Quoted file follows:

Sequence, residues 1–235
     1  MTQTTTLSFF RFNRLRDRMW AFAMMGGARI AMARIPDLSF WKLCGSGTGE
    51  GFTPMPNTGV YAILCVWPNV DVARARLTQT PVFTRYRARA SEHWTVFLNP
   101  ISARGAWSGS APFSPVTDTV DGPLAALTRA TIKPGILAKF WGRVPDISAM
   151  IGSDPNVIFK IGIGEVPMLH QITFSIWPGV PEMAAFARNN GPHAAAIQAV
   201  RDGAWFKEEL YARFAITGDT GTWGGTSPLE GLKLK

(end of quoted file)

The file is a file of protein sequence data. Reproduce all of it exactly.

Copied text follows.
Sequence, residues 1–235
     1  MTQTTTLSFF RFNRLRDRMW AFAMMGGARI AMARIPDLSF WKLCGSGTGE
    51  GFTPMPNTGV YAILCVWPNV DVARARLTQT PVFTRYRARA SEHWTVFLNP
   101  ISARGAWSGS APFSPVTDTV DGPLAALTRA TIKPGILAKF WGRVPDISAM
   151  IGSDPNVIFK IGIGEVPMLH QITFSIWPGV PEMAAFARNN GPHAAAIQAV
   201  RDGAWFKEEL YARFAITGDT GTWGGTSPLE GLKLK